Hi, my name is Sarah Ashwood, and I write a blend of fairy tale/portal/epic fantasy. I don’t blog, but you can find me on my website, Twitter, and Facebook.
2. Tell us a little about your life outside of the world of writing.
Well, I’m a homeschooling mom of three boys. I’m also a runner. I’m planning to do the Tulsa Run 15k this fall. I’ve done 15ks before, but not this particular one. I’m married to an asphalt plant operator and I literally never know from one day to the next what time he’ll be home, because there are no set hours in a job like his. Especially this time of year, in the summer. I’m a writer, of course. So far my published works include a fantasy novella, Amana, my Sunset Lands Beyond trilogy, several short stories in various anthologies, and now my brand new Beyond the Sunset Lands series.
3. How long have you been writing? What genres have you written? They don’t have to be published.
I’ve been writing for around fifteen years. Mainly I write fantasy, and that’s what I’m published in. I’ve also written two historical fiction novels, and they’re with an agent right now. Crossing my fingers on that!
4. What has been the greatest influence to your writing? Other authors, life experiences, etc…
I would say reading, music, movies, and watching people in the world around me. Fairy tales and Disney movies, as well. As for authors, C. Greenwood is a favorite.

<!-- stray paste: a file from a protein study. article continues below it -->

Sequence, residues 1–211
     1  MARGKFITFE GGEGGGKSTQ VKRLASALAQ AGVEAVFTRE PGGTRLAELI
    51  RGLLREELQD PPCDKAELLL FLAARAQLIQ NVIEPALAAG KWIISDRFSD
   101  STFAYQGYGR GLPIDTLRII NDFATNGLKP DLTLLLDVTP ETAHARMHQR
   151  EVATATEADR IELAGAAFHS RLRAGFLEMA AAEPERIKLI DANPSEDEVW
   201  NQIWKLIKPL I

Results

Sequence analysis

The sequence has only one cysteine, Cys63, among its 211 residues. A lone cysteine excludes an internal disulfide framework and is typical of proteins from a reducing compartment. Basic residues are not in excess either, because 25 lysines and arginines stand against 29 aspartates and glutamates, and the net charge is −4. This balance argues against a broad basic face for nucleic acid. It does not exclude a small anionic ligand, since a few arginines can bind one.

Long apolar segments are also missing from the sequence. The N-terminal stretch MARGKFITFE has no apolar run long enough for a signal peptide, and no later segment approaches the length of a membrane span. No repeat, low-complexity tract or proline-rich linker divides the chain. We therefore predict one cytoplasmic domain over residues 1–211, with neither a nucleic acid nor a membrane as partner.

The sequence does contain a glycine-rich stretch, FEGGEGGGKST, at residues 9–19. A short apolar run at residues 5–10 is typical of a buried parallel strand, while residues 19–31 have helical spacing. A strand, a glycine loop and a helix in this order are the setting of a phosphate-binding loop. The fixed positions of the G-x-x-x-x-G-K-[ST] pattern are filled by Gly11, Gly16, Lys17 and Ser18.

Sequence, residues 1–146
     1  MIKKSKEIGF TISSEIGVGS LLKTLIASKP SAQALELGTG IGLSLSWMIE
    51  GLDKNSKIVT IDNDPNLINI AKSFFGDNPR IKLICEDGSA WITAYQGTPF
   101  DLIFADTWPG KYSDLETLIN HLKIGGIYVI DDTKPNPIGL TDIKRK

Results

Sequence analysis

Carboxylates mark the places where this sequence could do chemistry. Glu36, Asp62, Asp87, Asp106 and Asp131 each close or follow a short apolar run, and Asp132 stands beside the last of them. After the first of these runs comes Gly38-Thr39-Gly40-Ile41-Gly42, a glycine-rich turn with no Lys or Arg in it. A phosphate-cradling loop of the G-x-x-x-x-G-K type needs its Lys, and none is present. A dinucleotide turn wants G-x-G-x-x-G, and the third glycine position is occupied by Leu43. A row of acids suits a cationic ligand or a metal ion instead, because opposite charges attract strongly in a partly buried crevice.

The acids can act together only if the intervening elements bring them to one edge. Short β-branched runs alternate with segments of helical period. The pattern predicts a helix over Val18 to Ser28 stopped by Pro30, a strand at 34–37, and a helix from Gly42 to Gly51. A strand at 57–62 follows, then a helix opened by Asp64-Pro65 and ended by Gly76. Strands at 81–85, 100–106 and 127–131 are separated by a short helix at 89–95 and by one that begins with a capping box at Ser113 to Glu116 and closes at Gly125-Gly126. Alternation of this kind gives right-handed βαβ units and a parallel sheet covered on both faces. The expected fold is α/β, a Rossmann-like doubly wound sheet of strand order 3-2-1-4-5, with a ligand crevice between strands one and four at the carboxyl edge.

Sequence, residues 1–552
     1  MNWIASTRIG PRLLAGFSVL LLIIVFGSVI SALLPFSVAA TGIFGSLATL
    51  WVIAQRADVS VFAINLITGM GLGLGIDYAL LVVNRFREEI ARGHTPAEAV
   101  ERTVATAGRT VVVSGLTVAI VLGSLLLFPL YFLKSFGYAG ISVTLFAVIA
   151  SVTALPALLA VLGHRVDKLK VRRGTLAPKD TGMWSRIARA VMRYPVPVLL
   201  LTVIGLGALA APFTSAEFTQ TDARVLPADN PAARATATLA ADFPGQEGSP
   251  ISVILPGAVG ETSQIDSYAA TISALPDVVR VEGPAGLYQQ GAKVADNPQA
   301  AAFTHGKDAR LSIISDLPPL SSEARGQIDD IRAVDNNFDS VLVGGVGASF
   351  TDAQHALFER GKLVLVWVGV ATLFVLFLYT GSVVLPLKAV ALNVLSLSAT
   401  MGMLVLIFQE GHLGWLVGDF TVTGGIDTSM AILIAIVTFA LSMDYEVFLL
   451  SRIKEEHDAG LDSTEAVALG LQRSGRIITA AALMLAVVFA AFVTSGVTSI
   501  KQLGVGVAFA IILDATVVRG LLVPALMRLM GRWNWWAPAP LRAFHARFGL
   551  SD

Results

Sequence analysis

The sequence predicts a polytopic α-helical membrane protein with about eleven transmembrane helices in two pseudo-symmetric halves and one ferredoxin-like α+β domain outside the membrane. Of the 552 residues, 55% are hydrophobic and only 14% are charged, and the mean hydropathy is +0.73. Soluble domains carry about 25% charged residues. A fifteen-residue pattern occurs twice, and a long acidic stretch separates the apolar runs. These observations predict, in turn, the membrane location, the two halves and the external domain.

I’m working on a fun YA Fantasy/Fairy tale novel, Knight’s Rebirth, which is set to debut before Christmas 2018. It’s the story of a famous knight, Sir Buckhunter Dornley, who is content to live alone until he meets the charming and outrageous Princess Mercy. When he discovers Mercy is threatened by a deadly curse, how far will he go to break it?
6. How do you typically begin your projects? Do you create outlines and character profiles or jump in head first with the initial idea? And do you focus on just one at a time?
I am very much a pantser. Usually I have an idea, a vague plot in my head, and I run with it, letting it unfold as I write. In the past I would work on more than one project at once, but now I find I do better focusing on only one book at a time.
7. What aspect of your writing do you consider your strength? Your weakness?
Hmmm. I’ve gotten compliments on my descriptive skills and world building. As for weaknesses, being repetitive. Also overuse of colons.
8. After publishing, the next trouble facing writers is marketing. What do you typically do when marketing your novel? Do you have tips you’d like to share?
Ugh, this is such a huge learning curve! I started out buying promos from promotional sites. Then I switched more toward newsletter and newsletter swaps. Right now, I’m trying a combination of those things. If I find the elusive pot of gold at the end of the rainbow, I’ll let you know!
9. What advice would you give a writer who is starting out?
I’d tell them the best advice I’ve ever seen, and that is to write. Just write. You can polish it later, but you can’t polish what isn’t written.